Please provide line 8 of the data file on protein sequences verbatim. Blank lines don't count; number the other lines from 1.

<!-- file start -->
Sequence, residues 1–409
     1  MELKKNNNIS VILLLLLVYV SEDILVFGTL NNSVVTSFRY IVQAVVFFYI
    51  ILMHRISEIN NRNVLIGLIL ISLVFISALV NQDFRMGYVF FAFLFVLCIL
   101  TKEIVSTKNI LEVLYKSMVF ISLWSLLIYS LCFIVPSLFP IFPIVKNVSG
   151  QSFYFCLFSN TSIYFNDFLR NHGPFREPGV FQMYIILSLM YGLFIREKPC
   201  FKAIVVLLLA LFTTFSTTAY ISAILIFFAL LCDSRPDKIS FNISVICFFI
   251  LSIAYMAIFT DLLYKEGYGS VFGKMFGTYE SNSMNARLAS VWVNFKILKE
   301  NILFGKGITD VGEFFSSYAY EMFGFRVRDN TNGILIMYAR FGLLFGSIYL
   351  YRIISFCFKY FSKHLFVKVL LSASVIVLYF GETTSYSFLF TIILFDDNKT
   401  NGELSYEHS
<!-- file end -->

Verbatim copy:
   301  NILFGKGITD VGEFFSSYAY EMFGFRVRDN TNGILIMYAR FGLLFGSIYL